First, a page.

Music of the Baroque Concert Review

By John von Rhein, Chicago Tribune
March 31, 2014

Many scholars and musicians would agree that Haydn's "The Creation" is the composer's masterpiece. Jane Glover, Music of the Baroque's music director, in fact ranks this astonishing oratorio among the top five works in all of Western music.

Yet assembling the forces needed to do justice to Haydn's monumental depiction of God's creation of the world is no easy task, given the sheer size of the work and the demands it makes on performers. Which helps to explain why Glover and MOB have not performed "The Creation" together for nearly a decade.

The Chicago chorus and orchestra did so Sunday evening in a sold-out performance at the North Shore Center for the Performing Arts in Skokie. It was the first of four performances this week that were to include concerts at the Harris Theater in downtown Chicago, Aurora University in Aurora and in San Diego, Calif., under auspices of the La Jolla Music Society. That final performance will mark the first out-of-state concert MOB will have given in more than 30 years: a happy confluence of scheduling all around.

Even with the addition of a makeshift canopy over the stage, the Skokie venue is not the ideal acoustical setting for "The Creation," with its stirring choruses, striking orchestral effects and imaginative and colorful writing for vocal soloists and instrumentalists. Sound carries clearly enough, but there is no resonance to speak of. So Glover and her musical forces, which included a chorus of 34 and a slightly larger orchestra, had their work cracked out for them.

There were a few scrappy moments early on, but, like the cosmic and earthly elements coalescing in Haydn's grand musical narrative, everything soon came together into a vigorous, joyous representation of Papa Haydn's devout Enlightenment ideals.

Glover brought to "The Creation" an academic's understanding of Haydn style and a veteran performer's understanding of how to give this richly varied music living, breathing form on stage. And she infused her palpable commitment in her capable soloists, orchestra and chorus. Especially vivid was the "Representation of Chaos" that forms the orchestral overture, its unsettled harmonies and passing dissonances coming across as uncannily modern.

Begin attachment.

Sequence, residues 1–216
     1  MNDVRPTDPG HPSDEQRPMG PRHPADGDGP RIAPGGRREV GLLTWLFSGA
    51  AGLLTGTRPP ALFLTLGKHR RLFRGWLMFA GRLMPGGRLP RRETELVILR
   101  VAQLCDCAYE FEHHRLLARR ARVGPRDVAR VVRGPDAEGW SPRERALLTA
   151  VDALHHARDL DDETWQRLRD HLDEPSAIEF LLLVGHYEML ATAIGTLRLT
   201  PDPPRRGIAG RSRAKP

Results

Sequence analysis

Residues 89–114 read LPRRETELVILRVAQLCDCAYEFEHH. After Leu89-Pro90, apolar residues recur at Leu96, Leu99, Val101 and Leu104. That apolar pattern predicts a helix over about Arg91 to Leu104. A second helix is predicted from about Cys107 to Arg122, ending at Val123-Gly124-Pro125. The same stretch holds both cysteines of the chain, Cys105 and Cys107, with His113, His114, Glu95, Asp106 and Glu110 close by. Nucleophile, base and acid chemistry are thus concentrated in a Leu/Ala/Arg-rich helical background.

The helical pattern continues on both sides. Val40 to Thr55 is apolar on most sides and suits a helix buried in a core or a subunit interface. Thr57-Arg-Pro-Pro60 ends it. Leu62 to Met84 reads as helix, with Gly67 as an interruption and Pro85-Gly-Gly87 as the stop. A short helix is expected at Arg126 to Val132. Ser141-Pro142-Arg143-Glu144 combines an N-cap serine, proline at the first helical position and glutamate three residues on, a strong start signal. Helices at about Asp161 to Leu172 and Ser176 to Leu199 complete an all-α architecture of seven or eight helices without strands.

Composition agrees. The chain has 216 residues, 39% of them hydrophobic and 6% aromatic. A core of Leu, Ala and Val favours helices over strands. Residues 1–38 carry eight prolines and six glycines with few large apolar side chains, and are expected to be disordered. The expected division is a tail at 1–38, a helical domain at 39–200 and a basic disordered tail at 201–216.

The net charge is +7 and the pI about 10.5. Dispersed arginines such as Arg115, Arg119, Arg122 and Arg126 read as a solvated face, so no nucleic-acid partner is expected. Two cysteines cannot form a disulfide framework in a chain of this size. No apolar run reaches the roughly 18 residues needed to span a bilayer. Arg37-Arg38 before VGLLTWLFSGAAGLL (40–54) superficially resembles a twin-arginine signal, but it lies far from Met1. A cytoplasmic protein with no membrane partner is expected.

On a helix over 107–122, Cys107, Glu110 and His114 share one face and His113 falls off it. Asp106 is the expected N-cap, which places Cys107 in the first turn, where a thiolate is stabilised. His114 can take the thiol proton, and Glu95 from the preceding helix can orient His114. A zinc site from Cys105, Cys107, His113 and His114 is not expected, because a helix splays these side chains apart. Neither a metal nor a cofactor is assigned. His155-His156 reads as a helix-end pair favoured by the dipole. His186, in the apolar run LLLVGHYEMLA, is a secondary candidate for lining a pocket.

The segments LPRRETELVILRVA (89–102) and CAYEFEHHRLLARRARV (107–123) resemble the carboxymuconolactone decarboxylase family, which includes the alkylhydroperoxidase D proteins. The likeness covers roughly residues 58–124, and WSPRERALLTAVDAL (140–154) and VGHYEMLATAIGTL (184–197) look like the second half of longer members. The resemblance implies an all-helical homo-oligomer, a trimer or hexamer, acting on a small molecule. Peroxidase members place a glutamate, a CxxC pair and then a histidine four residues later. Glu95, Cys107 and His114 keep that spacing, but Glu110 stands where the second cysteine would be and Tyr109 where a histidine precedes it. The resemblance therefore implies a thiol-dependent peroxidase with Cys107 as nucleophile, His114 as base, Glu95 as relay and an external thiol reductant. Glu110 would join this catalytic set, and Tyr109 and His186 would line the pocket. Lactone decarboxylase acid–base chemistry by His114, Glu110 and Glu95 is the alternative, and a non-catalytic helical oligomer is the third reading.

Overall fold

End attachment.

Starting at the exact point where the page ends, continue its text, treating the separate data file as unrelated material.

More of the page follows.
Also, in the second part of the oratorio, when Haydn the musical humorist comes to the fore, Glover's vocal and instrumental soloists, notably flutist Mary Stolper, regaled us with the sounds of cooing birds, roaring lions, slithering worms and other evocations of nature. The conductor deftly avoided the sticky piety that can make the Garden of Eden section a long sit.

Haydn prepared both German and English versions of the text but specifically wanted his oratorio performed in English for English-speaking audiences, as Glover did here. The three soloists, along with director William Jon Gray's responsive chorus, took conspicuous pains to put the words across intelligibly and meaningfully. The choral body was small enough to ensure rhythmic mobility yet large enough to ensure weight and fullness of sound, crucially in the big fugal choruses that form the mighty pillars of "The Creation."

Of the soloists, baritone Christopheren Nomura, who sang the archangel Raphael as well as Adam in Part 3, had the lion's share of the arias and recitatives. He sang with musicality, power and lyricism, the tone firm from ringing top to saturnine bottom.

The clarion strength and sweetness of Nicholas Phan's firm lyric tenor were beautifully suited to the archangel Uriel's music. There was no need for this intelligent artist to inflate his already ample sound in so stentorian an English-oratorio-singer manner for his opening recitative and aria, "And God saw the light.". He was his usual impeccably musical self from then on.

Worries that a steady diet of Puccini and similarly heavy operatic roles may have taken a toll on soprano Elizabeth Futral's once pure, steady, radiant sound were reinforced by her performance as Gabriel and Eve on Sunday. While her expressive understanding in such arias as "With verdure clad" was never in doubt, her now-fluttery vibrato and curtailed top failed to do justice to some of the most glorious music Haydn ever wrote for the solo voice. Perhaps later performances will bring an improvement.